All this happened to me when I was reading fight club, and it's happening again. I don't feel bad anymore, I think these books are worth my time and the occasional thoughts that I'm a useless child that hasn't live enough don't make me so sad neither. The only thing I don't quite like about Palahniuk is that he always uses the same.

Always sex, always depravation and it kinda bores me to a point. I mean, you can find a person interesting until you realize you don't want to know him to the point of feeling disgusted. You read ONE book and it may blow your mind a little, but when you read another one and you use the came characteristics, people start thinking there's no much in your repertory. I think that, even tho I liked this one a little cause of the edgy characters, but not specially Buster , I may have too think it twice to read another one by C.

Jul 11, R. Rant kicked so much ass. Part of the joy is the idea of a car Part of the joy comes from the fact this is the first third of a trilogy, apparently. Part of the joy is that the book is entirely a greatest-hits package of Chuck's strengths Like, like if Guns n' Roses wrote ten variations on "Sweet Child o' Mine" and handed the mastertapes over to Part of the joy comes from the main character deciding to break the habit of time Part of the joy comes in receiving a Just Married bumper sticker in the mail for contacting Doubleday and telling them Part of the joy comes in recognizing party-crashing culture in my own life Dave--was dressed up as a woman that some of us guys had dropped jaws and were like, "Dude.

You're so hot, and that's not cool. Wow, uh, Dave. Wanna sit next to me? Jun 13, Shannon O'Mara rated it liked it. Here's what happened as I read that book- I enjoyed it. Then I got angry. I enjoyed the pacing during the middle part that was mostly chronicling the party crashing, appreciating where he'd pulled inspiration- secret raves, art car culture, cruising culture, etc. I definitely picked up vibes of Ballard's Crash too- that almost became too obvious to me.

I liked the overt political use of Night-timer vs. All of that, including the early history of Rant, was finely crafted storytelling. How Here's what happened as I read that book- I enjoyed it. I lost my enthusiasm when he pulled out the Chuck trick. It worked fine in fight club but I guess that was too binary for him, because every trick he's pulled since seems to need more elements. Which only makes it- the trick- more convoluted to the good story line he's got going. I recognize this from Lullaby, Diary and Haunted. Once it happens I can't trust his storytelling and I read the rest of the book because I've committed a lot so far, but there's the pattern that I finish a Chuck book, at least the last quarter, very pissed off.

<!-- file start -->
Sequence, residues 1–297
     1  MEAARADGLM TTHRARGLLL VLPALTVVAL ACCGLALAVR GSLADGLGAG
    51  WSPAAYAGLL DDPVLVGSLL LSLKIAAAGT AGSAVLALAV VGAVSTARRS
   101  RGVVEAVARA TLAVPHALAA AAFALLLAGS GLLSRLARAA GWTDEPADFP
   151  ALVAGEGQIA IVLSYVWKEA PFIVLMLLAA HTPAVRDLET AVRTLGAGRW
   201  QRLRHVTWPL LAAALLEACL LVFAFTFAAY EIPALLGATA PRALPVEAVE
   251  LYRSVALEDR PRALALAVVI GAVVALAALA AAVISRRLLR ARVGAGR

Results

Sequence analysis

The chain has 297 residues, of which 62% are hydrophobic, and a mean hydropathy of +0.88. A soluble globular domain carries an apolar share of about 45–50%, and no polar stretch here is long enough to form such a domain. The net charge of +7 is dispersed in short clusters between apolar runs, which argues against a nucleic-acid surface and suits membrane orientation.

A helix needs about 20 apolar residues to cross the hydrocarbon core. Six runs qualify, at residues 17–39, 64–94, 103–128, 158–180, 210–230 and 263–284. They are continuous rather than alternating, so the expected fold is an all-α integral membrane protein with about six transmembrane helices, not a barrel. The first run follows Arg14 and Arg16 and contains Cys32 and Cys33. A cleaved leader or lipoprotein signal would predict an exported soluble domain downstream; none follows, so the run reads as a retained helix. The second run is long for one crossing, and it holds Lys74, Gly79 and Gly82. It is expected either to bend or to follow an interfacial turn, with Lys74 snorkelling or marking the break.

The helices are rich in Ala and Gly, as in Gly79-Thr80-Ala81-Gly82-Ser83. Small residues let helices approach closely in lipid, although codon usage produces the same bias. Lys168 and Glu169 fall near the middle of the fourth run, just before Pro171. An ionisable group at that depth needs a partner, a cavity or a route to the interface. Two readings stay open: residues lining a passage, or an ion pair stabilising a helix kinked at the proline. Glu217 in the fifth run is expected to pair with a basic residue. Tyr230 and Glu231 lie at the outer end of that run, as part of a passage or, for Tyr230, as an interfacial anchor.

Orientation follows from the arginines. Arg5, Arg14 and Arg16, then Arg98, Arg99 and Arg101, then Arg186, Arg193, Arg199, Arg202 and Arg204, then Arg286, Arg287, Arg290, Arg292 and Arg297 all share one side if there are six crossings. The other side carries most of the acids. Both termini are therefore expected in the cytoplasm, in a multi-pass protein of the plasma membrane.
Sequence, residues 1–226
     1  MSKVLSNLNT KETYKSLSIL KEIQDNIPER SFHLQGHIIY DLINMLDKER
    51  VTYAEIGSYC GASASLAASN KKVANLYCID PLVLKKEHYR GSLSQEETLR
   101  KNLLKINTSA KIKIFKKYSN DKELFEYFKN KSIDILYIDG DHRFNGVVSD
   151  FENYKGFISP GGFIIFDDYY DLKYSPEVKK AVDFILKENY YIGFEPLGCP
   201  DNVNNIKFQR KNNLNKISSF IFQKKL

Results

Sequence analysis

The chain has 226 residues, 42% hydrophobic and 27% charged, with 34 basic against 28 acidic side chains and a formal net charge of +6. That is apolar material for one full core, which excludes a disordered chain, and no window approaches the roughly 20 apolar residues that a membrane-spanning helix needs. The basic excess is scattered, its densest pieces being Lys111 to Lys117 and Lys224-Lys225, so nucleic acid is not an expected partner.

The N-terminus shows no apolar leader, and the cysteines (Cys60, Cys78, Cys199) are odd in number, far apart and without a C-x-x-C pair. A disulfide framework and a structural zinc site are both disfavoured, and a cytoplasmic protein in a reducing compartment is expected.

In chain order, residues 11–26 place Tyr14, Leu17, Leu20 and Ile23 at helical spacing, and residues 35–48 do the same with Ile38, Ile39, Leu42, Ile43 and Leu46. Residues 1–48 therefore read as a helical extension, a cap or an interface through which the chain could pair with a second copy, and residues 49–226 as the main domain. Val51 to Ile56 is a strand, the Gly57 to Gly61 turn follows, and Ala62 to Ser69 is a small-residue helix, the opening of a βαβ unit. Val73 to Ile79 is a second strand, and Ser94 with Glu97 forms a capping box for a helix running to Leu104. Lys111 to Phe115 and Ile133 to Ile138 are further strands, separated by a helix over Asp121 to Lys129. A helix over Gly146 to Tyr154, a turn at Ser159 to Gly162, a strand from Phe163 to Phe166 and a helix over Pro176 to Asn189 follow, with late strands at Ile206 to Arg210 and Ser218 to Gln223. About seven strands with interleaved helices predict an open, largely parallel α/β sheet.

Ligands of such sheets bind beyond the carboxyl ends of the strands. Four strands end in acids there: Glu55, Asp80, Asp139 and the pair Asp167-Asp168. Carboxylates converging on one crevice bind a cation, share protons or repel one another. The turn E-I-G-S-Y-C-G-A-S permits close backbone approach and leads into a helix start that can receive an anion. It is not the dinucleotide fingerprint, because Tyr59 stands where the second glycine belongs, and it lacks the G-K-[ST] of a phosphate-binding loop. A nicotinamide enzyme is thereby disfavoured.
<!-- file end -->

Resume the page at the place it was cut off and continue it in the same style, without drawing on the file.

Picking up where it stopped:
I went from enjoying a fun set up to being pissed off and thinking, yeah yeah, will you just get me to your point and get over yourself? I know. I'm a super tough critic. But he's going to get that from me after making me endure his smug grossness in Haunted. I probably have to get over myself a little bit too, but until that happens, and until he can do a trick that's not so obvious to me, he and I are in a stalemate. May 10, Dane Cobain rated it it was amazing. As we read the novel, we feel like we get to know him just as much as they do.

Considering Casey is effectively a walking version of the bubonic plague, that can only be a good thing. Oct 06, Ana rated it it was amazing. Literary speaking As I've read below I pressume this is what most of the people call 'punk'. Gotta type it at my favourites! I am so ready for you Chuck Palahniuk, you have no idea! I am so sad that I can give this book Literary speaking I am so sad that I can give this book a max. If you are still alive and you are reading this right now I do not care how many stars you'll give this book in the end, how wrong I might be in thinking that you will adore it or how short this review is read this book, like really!

S: I am kind of ashamed of my short review but some books are better left untold, but explored. If I put a word more about it, it will be like stealing a dose of your LSD When everything will be over I'll whisper an alluring: 'Trust me! Jul 30, Trang Tran Bookidote rated it it was amazing. Through a whole of witnesses, you have to glue the pieces together to understand.. Taboos, disgusting elements and the magic of dark humor, you'll find another book worth of Chuck's name. Shelves: own , well-that-sucked. Chuck Palahniuk keeps disappointing me.